The Aardvark Speaks : essence, effervescence, obscurity. Established 2002. A weblog by Horst Prillinger. ISSN 1726-5320

December 13, 2006


Despite the fact that I spend a lot of time teaching my students the concept of the literary canon, I believe I may have violated it and lost some respect in the process. These things happen.

canon (noun); a collection of books accepted as holy scripture, especially the books of the Bible recognized by any Christian church as genuine and inspired

The concept of the canon, which was originally a purely religious matter, has of course since been applied to various fields of art which have also enjoyed something of a religious devotion by their aficionados, in particular literature, film, and music. Generally, it still refers to a list of titles that are perceived to be "genuine and inspired".

Of course that is also why the canon has been so strongly criticized: it will by definition always reflect the tastes of those who set it up; even if they are a many people, or even a representative group, the canon will reflect the cultural and ideological values of the society that makes it, and as these values can and will change, so that everything can become part of the canon and everything can cease to be part of it. In other words, whether something becomes literature or art depends not so much on the work itself than it depends on cultural contexts and subtexts.

Currently we could say that the concept of the canon is no longer a matter of Knowing the Truth; it has been transformed into a matter of style -- in other words, there are things that are hip and things that aren't. To be hip requires that you (a) are aware of what is canonical and (b) are aware of things that will become canonical, but especially that (c) you stay clear of things that are not and will most likely not become canonical.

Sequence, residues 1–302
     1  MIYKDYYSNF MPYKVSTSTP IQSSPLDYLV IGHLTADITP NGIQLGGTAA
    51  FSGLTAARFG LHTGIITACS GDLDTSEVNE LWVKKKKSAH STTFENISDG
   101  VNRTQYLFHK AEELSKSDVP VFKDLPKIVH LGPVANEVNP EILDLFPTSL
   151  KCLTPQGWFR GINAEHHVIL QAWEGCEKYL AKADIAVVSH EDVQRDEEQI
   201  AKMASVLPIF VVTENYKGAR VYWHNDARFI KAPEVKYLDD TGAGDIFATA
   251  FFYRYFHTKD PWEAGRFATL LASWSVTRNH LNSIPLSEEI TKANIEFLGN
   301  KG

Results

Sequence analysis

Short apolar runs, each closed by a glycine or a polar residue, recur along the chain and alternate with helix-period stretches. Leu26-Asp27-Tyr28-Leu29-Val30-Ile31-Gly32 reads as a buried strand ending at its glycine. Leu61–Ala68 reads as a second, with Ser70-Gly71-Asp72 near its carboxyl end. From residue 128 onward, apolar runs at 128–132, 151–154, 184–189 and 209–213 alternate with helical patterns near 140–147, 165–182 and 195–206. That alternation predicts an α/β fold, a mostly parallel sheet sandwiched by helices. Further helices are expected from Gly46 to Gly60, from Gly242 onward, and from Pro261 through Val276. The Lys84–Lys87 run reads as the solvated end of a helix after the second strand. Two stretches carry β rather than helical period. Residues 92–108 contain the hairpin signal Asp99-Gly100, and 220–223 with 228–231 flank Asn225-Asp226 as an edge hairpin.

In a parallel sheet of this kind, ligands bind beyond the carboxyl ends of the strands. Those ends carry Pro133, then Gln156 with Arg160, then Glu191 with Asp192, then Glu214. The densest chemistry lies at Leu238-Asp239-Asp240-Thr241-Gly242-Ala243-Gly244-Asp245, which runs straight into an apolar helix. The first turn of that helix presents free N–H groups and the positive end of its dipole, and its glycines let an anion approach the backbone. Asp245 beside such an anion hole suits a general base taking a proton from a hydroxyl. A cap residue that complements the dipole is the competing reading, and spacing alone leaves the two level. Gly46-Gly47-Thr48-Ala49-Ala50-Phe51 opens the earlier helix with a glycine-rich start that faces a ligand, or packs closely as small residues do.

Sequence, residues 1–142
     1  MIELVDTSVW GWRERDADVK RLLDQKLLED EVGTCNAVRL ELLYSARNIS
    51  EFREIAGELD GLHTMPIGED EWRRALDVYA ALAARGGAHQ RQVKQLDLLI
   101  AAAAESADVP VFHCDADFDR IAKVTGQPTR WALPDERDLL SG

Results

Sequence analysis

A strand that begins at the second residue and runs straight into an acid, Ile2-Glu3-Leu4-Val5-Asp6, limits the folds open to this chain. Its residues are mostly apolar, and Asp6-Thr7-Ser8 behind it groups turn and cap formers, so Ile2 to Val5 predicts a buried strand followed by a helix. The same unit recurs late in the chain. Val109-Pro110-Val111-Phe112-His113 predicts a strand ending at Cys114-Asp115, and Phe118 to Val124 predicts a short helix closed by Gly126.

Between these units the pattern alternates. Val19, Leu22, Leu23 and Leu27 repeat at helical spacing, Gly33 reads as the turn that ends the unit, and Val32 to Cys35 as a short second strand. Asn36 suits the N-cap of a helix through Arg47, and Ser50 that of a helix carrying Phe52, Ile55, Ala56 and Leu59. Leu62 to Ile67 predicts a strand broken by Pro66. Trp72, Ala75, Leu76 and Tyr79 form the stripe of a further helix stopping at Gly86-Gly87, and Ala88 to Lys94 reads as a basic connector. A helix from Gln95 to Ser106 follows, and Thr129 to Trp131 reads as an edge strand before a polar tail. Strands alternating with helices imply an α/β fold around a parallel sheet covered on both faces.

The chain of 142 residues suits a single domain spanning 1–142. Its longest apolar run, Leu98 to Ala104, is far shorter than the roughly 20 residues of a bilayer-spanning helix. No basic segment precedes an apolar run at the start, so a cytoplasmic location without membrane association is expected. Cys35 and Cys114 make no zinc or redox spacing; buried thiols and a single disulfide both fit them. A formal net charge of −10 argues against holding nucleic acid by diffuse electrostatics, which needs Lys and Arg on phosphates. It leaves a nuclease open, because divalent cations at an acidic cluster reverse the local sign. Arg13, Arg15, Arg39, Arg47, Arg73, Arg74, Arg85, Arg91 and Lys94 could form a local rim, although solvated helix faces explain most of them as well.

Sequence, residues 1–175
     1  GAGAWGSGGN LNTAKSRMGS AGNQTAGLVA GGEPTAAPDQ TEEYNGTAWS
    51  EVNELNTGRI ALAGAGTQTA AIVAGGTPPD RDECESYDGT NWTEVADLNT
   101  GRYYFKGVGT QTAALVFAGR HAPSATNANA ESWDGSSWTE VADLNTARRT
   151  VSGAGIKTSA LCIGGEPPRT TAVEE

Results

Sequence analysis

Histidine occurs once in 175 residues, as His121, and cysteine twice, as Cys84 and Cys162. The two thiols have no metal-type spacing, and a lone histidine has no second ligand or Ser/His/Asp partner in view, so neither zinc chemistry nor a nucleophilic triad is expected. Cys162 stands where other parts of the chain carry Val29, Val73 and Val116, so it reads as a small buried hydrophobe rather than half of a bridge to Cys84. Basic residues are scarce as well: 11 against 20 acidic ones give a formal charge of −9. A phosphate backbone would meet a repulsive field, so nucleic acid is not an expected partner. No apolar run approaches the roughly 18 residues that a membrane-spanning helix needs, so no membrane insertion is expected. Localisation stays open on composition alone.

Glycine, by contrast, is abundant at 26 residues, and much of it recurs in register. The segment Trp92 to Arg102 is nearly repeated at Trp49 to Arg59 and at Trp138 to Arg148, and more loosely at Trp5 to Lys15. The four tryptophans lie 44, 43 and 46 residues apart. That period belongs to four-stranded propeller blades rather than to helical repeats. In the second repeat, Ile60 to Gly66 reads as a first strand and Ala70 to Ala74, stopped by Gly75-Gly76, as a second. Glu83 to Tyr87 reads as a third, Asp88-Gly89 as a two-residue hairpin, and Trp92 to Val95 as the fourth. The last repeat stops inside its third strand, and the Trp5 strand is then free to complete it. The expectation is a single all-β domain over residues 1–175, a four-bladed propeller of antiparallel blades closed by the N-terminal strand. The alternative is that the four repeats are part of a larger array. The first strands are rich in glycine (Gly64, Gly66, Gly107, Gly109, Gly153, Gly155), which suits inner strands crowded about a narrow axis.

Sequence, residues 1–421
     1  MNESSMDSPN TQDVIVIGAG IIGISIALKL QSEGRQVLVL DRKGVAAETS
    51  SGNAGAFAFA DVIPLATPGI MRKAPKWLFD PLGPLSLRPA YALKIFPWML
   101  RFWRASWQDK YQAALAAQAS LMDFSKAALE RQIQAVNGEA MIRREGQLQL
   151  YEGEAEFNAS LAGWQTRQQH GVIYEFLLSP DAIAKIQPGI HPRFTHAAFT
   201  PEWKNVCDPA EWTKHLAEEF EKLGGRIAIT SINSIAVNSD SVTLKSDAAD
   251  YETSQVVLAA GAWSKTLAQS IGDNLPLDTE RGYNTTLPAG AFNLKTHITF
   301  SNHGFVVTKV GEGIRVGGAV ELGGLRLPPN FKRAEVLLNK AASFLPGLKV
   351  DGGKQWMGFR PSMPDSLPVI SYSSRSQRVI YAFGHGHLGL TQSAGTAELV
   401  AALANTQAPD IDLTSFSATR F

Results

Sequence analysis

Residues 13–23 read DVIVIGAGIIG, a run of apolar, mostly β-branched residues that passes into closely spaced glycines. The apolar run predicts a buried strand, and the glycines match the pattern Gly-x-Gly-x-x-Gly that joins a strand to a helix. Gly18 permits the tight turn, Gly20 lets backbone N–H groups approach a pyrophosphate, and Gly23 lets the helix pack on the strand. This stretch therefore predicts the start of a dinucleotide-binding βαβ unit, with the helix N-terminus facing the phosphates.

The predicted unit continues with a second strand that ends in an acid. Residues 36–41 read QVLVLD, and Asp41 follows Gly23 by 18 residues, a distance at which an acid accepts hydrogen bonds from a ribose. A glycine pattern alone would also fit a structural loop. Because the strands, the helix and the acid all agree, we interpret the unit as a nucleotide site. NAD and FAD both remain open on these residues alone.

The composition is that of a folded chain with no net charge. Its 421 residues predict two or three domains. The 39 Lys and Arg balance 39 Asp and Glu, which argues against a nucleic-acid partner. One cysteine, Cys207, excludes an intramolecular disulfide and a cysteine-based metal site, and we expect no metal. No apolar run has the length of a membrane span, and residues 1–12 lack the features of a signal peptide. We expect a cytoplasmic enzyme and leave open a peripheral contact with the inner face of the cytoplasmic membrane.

This means, of course, that canons are exclusive: if you read canonical texts, listen to canonical music, watch canonical films, you are part of the "in crowd". If you so much as make one wrong move, you're out.

Or, let me rephrase the first part of the previous sentence: if you know what kind of things are canonical and pretend that you read/listen to/watch them, then you are part of the "in crowd". Because interestingly, many canonical things are not ever consumed.

Who, for example, has honestly read Joyce's Ulysses, Musil's Mann ohne Eigenschaften, Proust's A la recherche du temps perdu? Or rather, what percentage of people who talk about these books have read, understood, and enjoyed them?

Why is it that the BYG "Actuel" series of jazz records receives such universal acclaim and is most certainly canonical and still, if you mention any title in that series, for example Dave Burrell's Echo, everybody will ask you, "I hear it's great, so what's it really like?".

The trick with the canon is that it is perfectly alright to talk about canonical literature, music or films if you haven't seen them, but that you should never, ever talk about something that is non-canonical.

The problem here is that, as I have pointed out, what is canonical and what is non-canonical can depend a lot on the group of people you are with. So talking about Star Trek can be perfect in one situation and an absolute no-no in another.

And of course you have to be up-to-date as to what's canonical at the moment. Ally McBeal? Very canonical in 1999, totally unacceptable in 2006.

So what this all amounts to and why I'm writing this is that I seem to have made a total fool of myself by saying at some point that my winter depression had made me watch five seasons of Gilmore Girls on DVD. I did not say I liked it; I did not said it had worked against the depression. Everybody was simply appalled.

I had been under the impression that Gilmore Girls was, at least partly, canonical. Apparently not.

Posted by Horst on December 13, 2006 01:44 AM to books & bookkeeping | Tell-a-friend
dieter said on December 14, 2006 09:59 AM:

Wrong reference group ;-)

Jann said on December 14, 2006 02:44 PM:

Apparently so!

sabine said on December 18, 2006 06:57 PM:

being a teacher, I know the problem. does reading "Faust" with teenagers really make sense? should we not just forget about it and move on? and horst - I'm not "appalled" by the fact that you watch the "Gilmores". I just don't like them, that's all. Like - I don't like Hemingway, either.

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